Dr. Nicola Byrne, the NHS national data protector for England, offers advice on how to keep patients' information safe and how to utilize it correctly. She stated that she was "concerned about the seriousness of the allegations" when the patient wrote to her about the inappropriate intrusion into her medical history.

Byrne identified the doctor's actions as "absolutely unacceptable" and attempted to comfort patients who may be concerned about the incident by emphasizing that it was the first time she had heard of a medic violating rules governing the secure handling of a patient's medical records in order to gather information about them. She did, however, left open the possibility that others were doing the same.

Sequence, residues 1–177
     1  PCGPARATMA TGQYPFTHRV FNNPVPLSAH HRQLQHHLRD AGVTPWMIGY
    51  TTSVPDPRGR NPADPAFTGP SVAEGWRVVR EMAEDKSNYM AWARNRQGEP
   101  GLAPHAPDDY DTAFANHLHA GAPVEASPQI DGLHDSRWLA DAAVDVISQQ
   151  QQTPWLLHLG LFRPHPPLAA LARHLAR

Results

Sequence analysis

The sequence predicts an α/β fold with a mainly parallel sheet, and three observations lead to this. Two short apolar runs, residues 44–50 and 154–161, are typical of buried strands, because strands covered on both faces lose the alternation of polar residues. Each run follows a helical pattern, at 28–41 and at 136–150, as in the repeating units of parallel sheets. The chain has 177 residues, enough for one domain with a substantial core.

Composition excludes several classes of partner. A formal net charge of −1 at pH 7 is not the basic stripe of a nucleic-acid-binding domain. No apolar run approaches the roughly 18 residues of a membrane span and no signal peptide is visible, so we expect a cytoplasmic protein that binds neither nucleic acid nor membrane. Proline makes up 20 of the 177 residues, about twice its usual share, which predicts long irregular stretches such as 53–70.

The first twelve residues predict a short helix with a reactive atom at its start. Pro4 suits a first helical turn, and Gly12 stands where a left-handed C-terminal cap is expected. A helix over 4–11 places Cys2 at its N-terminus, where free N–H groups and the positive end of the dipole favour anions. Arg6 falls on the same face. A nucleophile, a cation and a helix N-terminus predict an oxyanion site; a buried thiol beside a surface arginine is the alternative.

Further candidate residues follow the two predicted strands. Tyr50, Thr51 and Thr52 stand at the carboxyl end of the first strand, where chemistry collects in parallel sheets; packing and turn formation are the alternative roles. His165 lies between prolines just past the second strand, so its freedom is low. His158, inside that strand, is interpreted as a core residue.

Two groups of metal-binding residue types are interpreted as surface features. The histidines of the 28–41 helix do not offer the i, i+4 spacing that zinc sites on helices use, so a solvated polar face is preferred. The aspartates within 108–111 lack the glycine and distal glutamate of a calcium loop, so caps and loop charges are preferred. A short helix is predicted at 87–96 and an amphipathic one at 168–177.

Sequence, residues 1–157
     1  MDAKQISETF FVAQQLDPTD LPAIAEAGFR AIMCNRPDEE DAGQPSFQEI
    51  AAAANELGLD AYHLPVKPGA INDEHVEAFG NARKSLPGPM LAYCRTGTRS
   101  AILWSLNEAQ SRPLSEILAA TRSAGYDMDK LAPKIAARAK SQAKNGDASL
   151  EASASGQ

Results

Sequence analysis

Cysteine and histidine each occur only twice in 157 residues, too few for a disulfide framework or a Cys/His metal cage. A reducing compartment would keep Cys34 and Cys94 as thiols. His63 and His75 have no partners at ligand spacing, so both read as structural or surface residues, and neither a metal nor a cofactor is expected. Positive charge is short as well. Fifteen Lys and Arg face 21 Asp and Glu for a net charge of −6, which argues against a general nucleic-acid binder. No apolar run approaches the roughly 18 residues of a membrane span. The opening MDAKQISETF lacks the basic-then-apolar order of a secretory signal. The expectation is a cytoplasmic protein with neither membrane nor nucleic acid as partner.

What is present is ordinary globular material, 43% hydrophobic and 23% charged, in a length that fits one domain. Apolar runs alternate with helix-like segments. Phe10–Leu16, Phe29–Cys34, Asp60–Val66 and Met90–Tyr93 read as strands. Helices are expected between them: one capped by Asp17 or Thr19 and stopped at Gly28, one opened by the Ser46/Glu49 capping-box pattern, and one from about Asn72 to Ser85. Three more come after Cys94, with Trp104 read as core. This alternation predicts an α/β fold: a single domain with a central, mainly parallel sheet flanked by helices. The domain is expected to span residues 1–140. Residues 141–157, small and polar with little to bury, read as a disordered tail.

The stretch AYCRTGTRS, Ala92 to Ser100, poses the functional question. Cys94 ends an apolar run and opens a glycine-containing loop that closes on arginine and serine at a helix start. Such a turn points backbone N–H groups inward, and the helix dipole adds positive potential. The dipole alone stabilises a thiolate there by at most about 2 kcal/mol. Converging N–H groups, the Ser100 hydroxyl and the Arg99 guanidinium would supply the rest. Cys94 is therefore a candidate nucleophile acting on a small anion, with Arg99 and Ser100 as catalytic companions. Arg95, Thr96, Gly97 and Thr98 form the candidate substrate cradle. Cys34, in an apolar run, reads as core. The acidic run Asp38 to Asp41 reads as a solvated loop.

Here's How Global Firms are Capturing First- & Zero-Party Data of Consumers


Changes in consumer privacy in the digital marketing environment are forcing firms to fundamentally rethink their data-driven marketing tactics.

Consumers are becoming more conscious of the importance of their personal information. Simultaneously, tech titans and authorities worldwide are cracking down on the gathering, storage, and sale of consumer data. In addition to Apple's well-publicized privacy-focused software updates, Google intends to phase out third-party cookies on both Chrome and Android next year in an effort to prevent consumer tracking. 

The loss of access to large amounts of third-party data has complicated everything from ad targeting to attribution for advertisers, who have long relied on user-level tracking techniques.